The feeling of isolation that I’ve had for a few months now, means I don’t have to act in any particular way to impress or defend myself or be accepted–all the things that humans do in a subconscious way. This is partly an outcome of getting older, too; if I can get out of the house clean and fed, I call it good.

It’s also been easier to sit and meditate rather than to fight it like a child.

A psychic friend told me that here in Guatemala, I would be happier than I could imagine. It’s true, it really is. But the happiness is occurring in a way that I had not imagined; it’s welling up from within. Sometimes I feel the expansion of joy so much that I need to process it–because my head has not registered yet, that this much joy is possible. Processing (with EFT or Ho’oponopono) allows me to let out the steam of any suppressed energy in my body. If I don’t process it, my programmed response might be to use the internet or sugar to stay in my normal comfort range. There’s no growth in that.

In spite of the common connotations of  aloneness and isolation, I would say that my aloneness and isolation have been a source of much of my inner peace. Because aloneness is not the same thing as loneliness and I am not totally isolated; I am surrounded by people everyday. But still, I’ve had just enough aloneness and isolation to feel the grace of what comes from untethering to my thoughts and to people while retaining my tether to Creator. I have a strong connection to Creator (use whatever name or theology that suits you) so there is no possibility for me to feel truly alone or isolated. And I feel utterly connected to my family and friends here, even with the simultaneous feeling of distance. At least I’m no longer waiting for anyone or anything. Everything feels soft.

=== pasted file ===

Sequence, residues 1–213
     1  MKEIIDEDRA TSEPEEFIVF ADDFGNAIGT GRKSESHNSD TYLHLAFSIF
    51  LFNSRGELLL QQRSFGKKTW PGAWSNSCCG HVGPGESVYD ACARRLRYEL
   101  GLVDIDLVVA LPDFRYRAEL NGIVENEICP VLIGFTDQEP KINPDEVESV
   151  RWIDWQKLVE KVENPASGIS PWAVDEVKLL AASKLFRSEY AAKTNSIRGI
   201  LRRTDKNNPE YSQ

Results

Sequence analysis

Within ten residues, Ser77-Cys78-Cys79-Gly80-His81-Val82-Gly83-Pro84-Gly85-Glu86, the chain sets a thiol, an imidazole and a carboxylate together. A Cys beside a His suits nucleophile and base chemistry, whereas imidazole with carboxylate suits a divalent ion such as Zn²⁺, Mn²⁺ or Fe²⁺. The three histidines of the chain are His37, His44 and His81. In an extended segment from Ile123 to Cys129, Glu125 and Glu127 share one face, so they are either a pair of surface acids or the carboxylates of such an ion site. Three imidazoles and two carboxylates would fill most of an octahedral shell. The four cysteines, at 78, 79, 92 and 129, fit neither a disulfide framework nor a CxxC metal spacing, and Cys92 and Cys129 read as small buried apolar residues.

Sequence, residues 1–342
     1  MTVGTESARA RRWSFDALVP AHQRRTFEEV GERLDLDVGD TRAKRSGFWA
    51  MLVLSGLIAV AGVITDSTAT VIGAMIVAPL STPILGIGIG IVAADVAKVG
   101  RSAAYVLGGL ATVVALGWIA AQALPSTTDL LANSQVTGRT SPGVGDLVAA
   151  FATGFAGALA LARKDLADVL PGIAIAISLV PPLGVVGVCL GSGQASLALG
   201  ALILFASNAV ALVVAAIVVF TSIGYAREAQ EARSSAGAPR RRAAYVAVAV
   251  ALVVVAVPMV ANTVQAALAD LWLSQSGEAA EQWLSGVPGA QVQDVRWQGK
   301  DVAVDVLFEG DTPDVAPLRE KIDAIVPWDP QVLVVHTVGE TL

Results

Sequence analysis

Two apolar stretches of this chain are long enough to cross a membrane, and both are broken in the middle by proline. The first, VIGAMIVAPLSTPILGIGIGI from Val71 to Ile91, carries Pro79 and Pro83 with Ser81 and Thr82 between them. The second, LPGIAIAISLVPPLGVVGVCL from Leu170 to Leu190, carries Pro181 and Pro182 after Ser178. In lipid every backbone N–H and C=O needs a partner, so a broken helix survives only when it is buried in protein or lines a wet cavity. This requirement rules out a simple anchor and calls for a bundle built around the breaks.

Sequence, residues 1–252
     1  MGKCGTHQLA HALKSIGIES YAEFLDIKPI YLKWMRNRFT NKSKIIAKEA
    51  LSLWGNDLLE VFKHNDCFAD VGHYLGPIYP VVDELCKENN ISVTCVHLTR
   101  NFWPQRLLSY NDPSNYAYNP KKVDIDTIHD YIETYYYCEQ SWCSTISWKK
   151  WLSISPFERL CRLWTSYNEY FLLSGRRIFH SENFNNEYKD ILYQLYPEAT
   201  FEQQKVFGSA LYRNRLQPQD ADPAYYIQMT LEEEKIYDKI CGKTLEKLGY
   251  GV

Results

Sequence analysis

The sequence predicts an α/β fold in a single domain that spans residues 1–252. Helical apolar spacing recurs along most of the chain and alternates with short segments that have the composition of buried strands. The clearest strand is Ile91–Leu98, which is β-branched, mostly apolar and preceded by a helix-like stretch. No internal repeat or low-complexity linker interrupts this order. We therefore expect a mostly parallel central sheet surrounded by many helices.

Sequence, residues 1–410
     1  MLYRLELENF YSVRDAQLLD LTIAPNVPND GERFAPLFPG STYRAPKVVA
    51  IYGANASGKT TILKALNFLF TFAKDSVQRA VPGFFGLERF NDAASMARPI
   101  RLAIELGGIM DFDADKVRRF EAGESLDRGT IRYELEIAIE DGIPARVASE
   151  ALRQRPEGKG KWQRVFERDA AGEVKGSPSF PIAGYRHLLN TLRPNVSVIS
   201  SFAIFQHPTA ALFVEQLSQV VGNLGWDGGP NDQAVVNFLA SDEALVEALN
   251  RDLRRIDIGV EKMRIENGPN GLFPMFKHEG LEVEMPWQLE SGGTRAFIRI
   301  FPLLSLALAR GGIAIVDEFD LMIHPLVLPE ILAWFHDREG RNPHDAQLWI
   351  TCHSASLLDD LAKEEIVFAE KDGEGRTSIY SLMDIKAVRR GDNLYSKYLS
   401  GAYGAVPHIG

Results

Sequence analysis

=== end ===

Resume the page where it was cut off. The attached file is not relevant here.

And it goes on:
All of this is to say that the unlayering of myself has been a way to let go and allow the goodness of what moves me (what moves us all) to be better revealed and flourish.

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  1. This is a beautiful post. I am so happy that you are learning more about you. Subtle changes in energy seems that’s always how it works when it’s our own energy! Brava, my friend.

  2. Wow. You are so eloquent. How can they not accept you as a Latina? I can see why they would not accept you as Guatemalan, but Latina? You make isolation sound not quite so bad. Luv it. XOXO

    • Maybe my previous comment/observation about accepting you as a Latina is a really ignorant, insensitive white woman thing to say and I and no right to ask. If so, I am sorry. XOXOX

      • Hi Ruthann, thanks for asking (totally reasonable question). I’d mentioned it in one or two previous posts but that was ages ago. People here find it hard to believe that I’m a Latina because they think I am Chinese. Maybe I am Chinese! I could see that. The most important thing to note is I am always treated kindly and with respect here. And in my particular pueblo, I feel safe. Very safe.